Putting It Together

{{ show.title }}Trailer Bonus Episode {{ selectedEpisode.number }}
{{ selectedEpisode.title }}
|
{{ displaySpeed }}x
{{ selectedEpisode.title }}
By {{ selectedEpisode.author }}
Broadcast by

Summary

Isaac Bernier-Doyle dials in from London, England to discuss why the song "America" from West Side Story may be more relevant today than when it was originally written. This song shows off Anita's temper and verbal mastery. The rest of the characters try to match wits as best they can.

Show Notes

Isaac Bernier-Doyle dials in from London, England to discuss why the song "America" from West Side Story may be more relevant today than when it was originally written. This song shows off Anita's temper and verbal mastery. The rest of the characters try to match wits as best they can.

Isaac Bernier-Doyle is the co-host of That's a Shame: https://shame.city

Bill Murray being weird on The Late Show with Stephen Colbert: https://bit.ly/2Iemvgh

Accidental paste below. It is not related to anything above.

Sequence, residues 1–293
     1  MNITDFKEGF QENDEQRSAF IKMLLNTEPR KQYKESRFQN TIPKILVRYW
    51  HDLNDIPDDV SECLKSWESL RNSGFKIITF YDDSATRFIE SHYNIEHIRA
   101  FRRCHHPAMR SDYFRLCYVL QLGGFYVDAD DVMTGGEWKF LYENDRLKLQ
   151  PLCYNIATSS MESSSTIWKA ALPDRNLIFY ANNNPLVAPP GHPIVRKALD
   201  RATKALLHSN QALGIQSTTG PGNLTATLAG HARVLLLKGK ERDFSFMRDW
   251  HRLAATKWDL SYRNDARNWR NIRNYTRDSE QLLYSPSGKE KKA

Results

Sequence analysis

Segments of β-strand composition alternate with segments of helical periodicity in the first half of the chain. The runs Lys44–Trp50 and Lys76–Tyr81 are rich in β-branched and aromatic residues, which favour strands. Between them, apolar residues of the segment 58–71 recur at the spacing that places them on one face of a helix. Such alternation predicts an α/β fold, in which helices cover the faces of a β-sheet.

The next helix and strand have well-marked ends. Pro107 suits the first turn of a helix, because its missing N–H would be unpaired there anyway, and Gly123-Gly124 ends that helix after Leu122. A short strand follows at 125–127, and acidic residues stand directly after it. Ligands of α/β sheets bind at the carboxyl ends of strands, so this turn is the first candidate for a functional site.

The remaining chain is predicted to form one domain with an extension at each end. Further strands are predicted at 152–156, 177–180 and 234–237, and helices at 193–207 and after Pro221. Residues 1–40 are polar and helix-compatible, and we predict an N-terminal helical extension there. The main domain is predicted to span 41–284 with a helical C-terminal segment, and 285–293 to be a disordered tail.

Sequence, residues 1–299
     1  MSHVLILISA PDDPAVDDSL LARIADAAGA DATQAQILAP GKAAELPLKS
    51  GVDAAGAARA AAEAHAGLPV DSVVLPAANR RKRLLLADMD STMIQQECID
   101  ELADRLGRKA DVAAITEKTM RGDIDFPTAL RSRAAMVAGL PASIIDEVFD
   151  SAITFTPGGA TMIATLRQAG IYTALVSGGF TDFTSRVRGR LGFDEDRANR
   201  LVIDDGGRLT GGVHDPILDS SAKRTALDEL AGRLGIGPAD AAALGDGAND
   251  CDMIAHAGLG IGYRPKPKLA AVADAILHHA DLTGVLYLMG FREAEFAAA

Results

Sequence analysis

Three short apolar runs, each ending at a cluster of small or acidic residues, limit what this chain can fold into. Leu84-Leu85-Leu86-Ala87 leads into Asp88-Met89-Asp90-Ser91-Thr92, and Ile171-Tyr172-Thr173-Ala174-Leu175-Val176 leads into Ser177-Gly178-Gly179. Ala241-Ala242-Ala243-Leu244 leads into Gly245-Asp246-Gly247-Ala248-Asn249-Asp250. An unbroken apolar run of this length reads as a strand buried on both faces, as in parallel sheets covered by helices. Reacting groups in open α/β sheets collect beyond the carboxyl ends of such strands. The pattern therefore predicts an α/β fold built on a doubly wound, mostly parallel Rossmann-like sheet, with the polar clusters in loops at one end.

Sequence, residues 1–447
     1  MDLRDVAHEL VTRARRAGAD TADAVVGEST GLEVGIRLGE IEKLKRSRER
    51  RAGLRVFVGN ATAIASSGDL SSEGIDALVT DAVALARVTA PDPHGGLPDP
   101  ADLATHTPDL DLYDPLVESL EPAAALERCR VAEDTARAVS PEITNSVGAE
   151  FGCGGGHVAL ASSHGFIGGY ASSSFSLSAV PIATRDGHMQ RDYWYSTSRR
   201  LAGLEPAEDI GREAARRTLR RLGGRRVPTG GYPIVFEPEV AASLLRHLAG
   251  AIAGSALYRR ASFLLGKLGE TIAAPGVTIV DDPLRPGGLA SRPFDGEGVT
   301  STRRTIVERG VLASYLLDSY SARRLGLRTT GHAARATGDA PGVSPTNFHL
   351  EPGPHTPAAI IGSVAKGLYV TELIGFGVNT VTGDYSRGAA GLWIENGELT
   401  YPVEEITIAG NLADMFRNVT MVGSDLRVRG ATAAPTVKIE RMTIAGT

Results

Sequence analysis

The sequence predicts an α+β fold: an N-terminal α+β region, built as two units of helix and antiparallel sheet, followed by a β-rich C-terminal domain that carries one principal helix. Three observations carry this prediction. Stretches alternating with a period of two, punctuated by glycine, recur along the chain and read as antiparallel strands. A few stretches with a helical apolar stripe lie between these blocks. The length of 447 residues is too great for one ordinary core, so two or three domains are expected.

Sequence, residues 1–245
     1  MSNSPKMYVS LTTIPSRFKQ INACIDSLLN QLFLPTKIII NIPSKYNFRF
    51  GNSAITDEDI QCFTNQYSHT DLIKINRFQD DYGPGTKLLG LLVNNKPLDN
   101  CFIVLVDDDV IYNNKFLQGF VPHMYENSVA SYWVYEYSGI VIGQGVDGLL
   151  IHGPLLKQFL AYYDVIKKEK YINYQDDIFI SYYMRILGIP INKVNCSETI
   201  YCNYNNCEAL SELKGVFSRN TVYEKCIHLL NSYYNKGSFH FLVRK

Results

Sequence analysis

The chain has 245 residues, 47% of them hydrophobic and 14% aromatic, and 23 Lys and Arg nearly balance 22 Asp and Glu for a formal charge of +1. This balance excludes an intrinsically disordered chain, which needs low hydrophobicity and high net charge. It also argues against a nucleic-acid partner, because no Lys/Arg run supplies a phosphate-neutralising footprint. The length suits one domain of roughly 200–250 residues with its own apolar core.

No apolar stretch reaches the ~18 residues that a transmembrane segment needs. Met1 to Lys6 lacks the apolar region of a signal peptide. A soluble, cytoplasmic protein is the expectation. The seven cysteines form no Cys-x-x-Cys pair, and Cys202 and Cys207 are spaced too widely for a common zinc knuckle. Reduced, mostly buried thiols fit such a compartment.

How you can help support Puerto Rico: https://on-ajc.com/2NELzDb

Putting It Together is a proud member of The Alberta Podcast Network, powered by ATB. You can find all the great shows by going here: https://www.albertapodcastnetwork.com

Recorded at Media Lab YYC. Media Lab is a public production studio located in downtown Calgary, Alberta. They help you tell your story. They do this by assisting in the creation of videos and podcasts. Find more information at: http://medialabyyc.com

Keep up to date with Putting It Together by following Kyle on his social media channels.
Twitter: https://twitter.com/thekylemarshall
Instagram: https://www.instagram.com/thekylemarshall/
Facebook: https://www.facebook.com/thekylemarshall/

★ Support this podcast on Patreon ★

What is Putting It Together?

This is a podcast about Stephen Sondheim's entire body of work show by show and song by song. Each week Kyle Marshall invites an expert to discuss a Sondheim song in-depth. Together they discover the humour, how the songs inform character, and any hidden meanings. Most importantly they try to understand the man behind the music, the Shakespeare of our time, as best they can.